Daniel Goleman, in his groundbreaking book – “Working with Emotional Intelligence”, might have said it best. “We are being judged by a new yardstick; not just how smart we are, or by our training and expertise, but also by how well we handle ourselves and each other”. Emotional intelligence often referred to as soft-skills now plays a more pivotal role in how we manage and lead others. If you can’t connect on an emotional level with the people you work with and interact with – then you stand little chance of being successful. Productivity and profitability is still the name of the game. That will never change. But how we get there has. People like to work with people they like. And the only way to get people to like you is to work with them in a way that they like. It’s no longer about your technical ability. It’s about your ability to connect with others, communicate, educate and delegate in a style that they like. If you can’t do that then you can’t manage or lead. It’s no longer my way or the highway. It’s about our way. You need to learn to manage and lead the 21st Century way. You need to change because they aren’t going to.
Copyright (c) 2018. Brian Smith-PLD. Not to be reproduced without permission. Are you looking for a keynote speaker or workshop facilitator who can deliver an entertaining and informative session on a variety of soft skills topics? To find out more about Brian and what he can do for you and your organization visit https://briansmithpld.com
Would you work for you? Would you work for a Boss who belittles you, and berates you in front of your co-workers, instead of behind closed doors? Would you work for a Boss who always needs to be right – even when they are wrong.? Would you work for a Boss who promises you something one day – and then takes it away from you the next? Does this sound all too familiar? Chances are we’ve all worked for a Boss just like that. I believe great Bosses aren’t born – they’re made. If given the chance, what kind of Boss would you be? Take a moment and think about that. If you had to put a list together of the top ten things a great Boss should be – what would you put on your list?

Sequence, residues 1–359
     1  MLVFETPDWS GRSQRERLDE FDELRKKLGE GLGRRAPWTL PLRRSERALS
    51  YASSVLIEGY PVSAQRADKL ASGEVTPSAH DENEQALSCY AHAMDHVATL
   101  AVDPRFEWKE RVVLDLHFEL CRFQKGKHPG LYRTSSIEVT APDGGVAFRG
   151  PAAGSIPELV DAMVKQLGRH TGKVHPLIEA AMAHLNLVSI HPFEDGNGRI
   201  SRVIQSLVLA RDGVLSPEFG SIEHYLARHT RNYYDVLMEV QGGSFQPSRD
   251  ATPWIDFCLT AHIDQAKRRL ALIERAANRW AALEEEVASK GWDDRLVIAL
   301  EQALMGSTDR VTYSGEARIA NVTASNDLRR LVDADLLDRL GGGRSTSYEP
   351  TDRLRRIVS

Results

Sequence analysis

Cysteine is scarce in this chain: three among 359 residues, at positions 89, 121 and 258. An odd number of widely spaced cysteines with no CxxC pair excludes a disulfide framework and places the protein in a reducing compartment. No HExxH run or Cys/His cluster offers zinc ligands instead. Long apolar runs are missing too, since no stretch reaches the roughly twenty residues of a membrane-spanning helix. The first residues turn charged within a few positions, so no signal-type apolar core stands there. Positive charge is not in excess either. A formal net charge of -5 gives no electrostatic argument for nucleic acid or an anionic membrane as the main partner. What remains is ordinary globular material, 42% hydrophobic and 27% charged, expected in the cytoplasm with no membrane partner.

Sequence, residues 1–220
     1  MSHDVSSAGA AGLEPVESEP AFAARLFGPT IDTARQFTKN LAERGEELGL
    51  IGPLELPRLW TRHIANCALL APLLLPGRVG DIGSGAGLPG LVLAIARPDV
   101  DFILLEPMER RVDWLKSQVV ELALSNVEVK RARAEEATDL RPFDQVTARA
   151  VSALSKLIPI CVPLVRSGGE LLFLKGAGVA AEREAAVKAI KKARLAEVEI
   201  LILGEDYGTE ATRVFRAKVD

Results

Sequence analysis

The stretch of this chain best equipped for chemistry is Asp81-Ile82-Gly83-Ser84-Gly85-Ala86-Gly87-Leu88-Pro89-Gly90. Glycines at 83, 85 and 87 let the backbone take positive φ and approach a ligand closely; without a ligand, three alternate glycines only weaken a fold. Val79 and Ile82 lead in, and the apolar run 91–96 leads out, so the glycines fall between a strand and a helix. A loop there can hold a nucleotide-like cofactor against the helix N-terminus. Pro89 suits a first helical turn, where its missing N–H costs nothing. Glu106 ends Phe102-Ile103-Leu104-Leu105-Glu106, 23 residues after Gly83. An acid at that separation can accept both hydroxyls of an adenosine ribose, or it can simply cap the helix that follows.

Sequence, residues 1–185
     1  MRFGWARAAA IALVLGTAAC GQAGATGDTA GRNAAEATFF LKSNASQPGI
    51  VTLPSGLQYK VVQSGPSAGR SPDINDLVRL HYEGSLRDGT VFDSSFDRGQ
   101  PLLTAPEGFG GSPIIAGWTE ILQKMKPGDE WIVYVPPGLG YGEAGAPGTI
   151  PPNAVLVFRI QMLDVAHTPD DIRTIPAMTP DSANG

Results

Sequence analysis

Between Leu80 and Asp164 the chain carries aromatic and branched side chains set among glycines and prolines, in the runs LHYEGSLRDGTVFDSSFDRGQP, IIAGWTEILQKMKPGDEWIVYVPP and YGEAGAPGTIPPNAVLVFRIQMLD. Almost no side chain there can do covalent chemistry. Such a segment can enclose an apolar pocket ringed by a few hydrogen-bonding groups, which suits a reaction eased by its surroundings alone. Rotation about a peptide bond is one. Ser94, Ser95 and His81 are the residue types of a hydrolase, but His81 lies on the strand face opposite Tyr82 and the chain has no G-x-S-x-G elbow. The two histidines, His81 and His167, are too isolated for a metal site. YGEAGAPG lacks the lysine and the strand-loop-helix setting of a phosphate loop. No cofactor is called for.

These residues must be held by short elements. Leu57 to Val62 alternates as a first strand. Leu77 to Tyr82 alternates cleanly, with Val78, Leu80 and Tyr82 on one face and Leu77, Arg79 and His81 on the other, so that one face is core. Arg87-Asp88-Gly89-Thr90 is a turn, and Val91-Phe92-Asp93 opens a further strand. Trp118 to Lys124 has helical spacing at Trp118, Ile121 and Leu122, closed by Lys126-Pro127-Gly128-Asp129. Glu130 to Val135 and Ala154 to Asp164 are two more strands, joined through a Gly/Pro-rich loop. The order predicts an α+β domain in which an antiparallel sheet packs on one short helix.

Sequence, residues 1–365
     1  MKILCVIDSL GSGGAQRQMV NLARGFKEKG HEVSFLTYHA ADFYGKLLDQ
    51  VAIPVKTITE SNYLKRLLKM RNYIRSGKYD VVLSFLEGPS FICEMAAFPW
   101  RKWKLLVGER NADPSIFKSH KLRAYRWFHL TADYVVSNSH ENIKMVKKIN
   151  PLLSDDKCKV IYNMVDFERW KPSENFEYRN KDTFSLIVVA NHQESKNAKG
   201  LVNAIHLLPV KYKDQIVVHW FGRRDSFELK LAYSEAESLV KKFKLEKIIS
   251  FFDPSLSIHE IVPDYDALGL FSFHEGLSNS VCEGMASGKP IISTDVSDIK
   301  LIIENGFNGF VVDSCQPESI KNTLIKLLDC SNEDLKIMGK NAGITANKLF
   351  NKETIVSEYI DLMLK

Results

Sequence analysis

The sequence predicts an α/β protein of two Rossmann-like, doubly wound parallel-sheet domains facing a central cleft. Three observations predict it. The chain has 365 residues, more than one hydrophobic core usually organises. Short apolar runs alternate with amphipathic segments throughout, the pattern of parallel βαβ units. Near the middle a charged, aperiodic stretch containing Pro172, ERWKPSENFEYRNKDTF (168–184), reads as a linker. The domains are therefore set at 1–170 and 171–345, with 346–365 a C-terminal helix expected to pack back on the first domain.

I think a great Boss should be:
- Patient: Able to accept or tolerate delays, problems, or suffering without becoming annoyed or impatient.
- Open-minded: Be willing to accept new ideas.
- Honest: The quality of being honest.
- Empathetic: Show an ability to understand and share the feelings of others.
- Flexible: Demonstrate a willingness to change or compromise.
- Trustworthy: Have the ability to be relied on, to be honest, or truthful.
- Fair: Treat others in a way that is right or reasonable and not allowing personal opinions to influence their judgement.
- Consistent: Acting or doing things in the same way over time, especially to be fair or accurate.
- Loyal: Give firm and constant support or allegiance to a person or organization.
- Compassionate: Feeling or showing sympathy and concern for others regardless of their standing or position.
People don’t quit companies – they quit lousy Bosses. Always remember that you get to decide what kind of Boss you want to be. Culture is created from the top down, never the bottom up. Most people, if given a choice, would rather not be the Boss. But everyone gets to decide what kind of Boss they want to follow. Keep that in mind the next time you’re given the opportunity. Be the kind of Boss you’d like to follow. Ask yourself – would you work for you? If the answer is no – then you need to change.
Copyright (c) 2018. Brian Smith-PLD. Not to be reproduced without permission. Are you looking for a keynote speaker or someone to conduct an in-house training session on soft-skills training or leadership development? To find out more about Brian and what he can do for you and your organization visit https://briansmithpld.com